Spaceport America Ramping Up For Projected Space Tourism Boom

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It was just over a century ago that the Wright brothers developed a flying machine that lifted them into the air, which would evolve into today’s safer-than-ever airline industry that saw 37.5 million business and leisure flights last year. Considering that it was only 52 years ago that Yuri Gagarin become the first person to travel into space, the world seems poised for similar exponential growth in the space flight industry.

But where will this revolution get off the ground? In the desert of southern New Mexico, if all goes according to a handful of aerospace companies and contractors. They are looking to make Spaceport America the world’s first commercial spaceport for the masses.

Spanning  18,000 acres, Spaceport America is a $200 million operational facility located next to the US Army White Sands Missile Range and owned by the state of New Mexico. The site has hosted 17 vertical launches since 2006, is scheduled to be the new testing ground for the SpaceX Grasshopper in development, and is slated to become the worldwide operational headquarters for Virgin Galactic, which plans to vault the space tourism industry into prominence. A 12,000-foot launch runway has been built and fire crews have been brought on site. Other tenants of the facility include UP Aerospace and Armadillo Aerospace alongside seasoned Lockheed Martin. Although two welcome centers for the public aren’t scheduled to be completed until next year, weekly preview tours are available as are public launch viewings.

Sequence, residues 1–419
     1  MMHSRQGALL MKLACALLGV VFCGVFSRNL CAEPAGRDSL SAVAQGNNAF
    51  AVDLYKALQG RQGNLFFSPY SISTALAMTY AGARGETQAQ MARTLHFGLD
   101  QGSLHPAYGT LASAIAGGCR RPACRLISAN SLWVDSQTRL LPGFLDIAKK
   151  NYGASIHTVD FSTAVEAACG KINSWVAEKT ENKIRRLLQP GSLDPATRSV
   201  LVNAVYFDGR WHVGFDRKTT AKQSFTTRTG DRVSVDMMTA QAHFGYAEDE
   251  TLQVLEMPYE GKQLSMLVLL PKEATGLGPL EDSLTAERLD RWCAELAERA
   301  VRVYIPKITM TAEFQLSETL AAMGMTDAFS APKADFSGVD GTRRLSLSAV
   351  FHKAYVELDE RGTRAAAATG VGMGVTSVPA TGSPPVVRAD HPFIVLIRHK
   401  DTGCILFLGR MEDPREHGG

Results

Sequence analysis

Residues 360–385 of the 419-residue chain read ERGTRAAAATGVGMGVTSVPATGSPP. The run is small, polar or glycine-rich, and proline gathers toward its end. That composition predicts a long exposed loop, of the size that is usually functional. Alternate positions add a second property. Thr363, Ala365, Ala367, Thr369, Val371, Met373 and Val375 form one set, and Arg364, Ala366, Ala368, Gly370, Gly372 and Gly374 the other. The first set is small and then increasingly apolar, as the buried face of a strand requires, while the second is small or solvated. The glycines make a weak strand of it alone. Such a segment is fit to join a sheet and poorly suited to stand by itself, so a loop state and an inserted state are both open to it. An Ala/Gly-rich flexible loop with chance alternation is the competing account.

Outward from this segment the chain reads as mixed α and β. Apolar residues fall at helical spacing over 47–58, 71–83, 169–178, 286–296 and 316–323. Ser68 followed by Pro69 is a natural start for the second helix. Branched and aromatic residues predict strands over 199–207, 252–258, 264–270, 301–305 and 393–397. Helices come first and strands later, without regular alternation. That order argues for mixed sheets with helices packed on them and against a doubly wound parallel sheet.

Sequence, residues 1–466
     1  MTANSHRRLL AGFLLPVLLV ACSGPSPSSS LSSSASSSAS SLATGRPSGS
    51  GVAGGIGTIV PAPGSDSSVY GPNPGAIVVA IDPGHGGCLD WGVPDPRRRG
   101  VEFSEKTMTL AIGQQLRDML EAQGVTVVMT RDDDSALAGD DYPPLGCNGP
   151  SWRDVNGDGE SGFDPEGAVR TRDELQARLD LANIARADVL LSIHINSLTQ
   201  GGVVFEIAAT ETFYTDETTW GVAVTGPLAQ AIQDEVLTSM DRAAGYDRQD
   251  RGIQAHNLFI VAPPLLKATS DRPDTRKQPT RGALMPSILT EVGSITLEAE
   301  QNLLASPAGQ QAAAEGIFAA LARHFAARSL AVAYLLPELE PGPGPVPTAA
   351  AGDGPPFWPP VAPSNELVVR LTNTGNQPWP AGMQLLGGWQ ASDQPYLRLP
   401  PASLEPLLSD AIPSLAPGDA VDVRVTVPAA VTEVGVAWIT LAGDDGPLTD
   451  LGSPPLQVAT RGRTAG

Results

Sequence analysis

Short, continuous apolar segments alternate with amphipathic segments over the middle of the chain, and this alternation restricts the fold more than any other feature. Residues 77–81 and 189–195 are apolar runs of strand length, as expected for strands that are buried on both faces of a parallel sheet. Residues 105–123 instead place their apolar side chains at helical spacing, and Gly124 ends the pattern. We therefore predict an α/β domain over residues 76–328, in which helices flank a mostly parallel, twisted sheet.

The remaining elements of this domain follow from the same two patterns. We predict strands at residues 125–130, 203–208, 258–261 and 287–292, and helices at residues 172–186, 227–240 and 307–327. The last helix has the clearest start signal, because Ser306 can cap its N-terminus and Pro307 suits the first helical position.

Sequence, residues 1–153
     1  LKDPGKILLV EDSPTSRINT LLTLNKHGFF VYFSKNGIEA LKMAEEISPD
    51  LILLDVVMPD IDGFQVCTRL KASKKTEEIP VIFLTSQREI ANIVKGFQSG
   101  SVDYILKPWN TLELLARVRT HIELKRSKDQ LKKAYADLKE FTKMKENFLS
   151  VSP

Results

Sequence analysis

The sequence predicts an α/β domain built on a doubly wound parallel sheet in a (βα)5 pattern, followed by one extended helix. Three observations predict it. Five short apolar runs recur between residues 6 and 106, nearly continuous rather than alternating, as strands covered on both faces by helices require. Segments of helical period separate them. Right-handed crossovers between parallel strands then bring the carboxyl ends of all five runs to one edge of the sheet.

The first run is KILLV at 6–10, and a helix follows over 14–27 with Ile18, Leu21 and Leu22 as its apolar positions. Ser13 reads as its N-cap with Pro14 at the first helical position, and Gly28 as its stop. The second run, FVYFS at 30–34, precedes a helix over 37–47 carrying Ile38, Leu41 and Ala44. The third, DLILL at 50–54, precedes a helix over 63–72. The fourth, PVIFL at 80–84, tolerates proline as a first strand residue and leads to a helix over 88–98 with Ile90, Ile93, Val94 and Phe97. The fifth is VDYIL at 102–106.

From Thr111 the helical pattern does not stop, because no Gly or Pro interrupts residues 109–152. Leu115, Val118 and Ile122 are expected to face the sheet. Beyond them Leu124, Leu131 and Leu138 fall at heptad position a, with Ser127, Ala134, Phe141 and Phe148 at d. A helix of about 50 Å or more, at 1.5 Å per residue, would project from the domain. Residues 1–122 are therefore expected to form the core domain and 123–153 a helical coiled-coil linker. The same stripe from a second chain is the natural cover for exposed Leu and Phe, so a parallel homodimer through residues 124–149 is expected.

spaceport-dedicationA spaceport is the stuff that sci-fi aficionados and tech enthusiasts everywhere have only dreamed of, but because spaceflight has been firmly in the hands of government agencies, the path to space was a challenging one. But given NASA’s retirement of the Space Shuttle program and increasing reliance on outsourcing to private firms, the time seems right for the mantle to be passed to private industry.

In recent months, a steady stream of space-related news stories and videos have enticed the public’s imagination about the possibilities of space, as the technology to make routine travel safe seems to be close at hand. Just look at some of the headline-breaking space stories from the last year or so: the first private spacecraft SpaceX Dragon docks with the International Space Station, the safe landing of the Curiosity rover on MarsFelix Baumgartner’s record breaking space jump from 24 miles above the Earth’s surface, the formation of Planetary Resources to mine asteroids, the announcement of a 2018 mission to colonize Mars spreadheaded by the world’s first space tourist Dennis Tito, Virgin Galactic’s SpaceShipTwo rocket going supersonic, and the world’s first crowdfunded space telescope.

Collectively, these stories resonate with a message getting more prominent all the time: space is closer than we think.

In fact, the space tourism is expected to be a huge industry, on the order of $600 million to $1.6 billion (in a growth scenario) in 10 years, according to The Tauri Group. So it’s no wonder that Spaceport America isn’t the only facility under development. A variety of launch sites and spaceports have been proposed in California, Texas, and Florida as well as a handful of other states, but which one will become the Disney World of space remains to be seen.

US-Spaceports

US Launch and Spaceport Facilities (credit: FAA)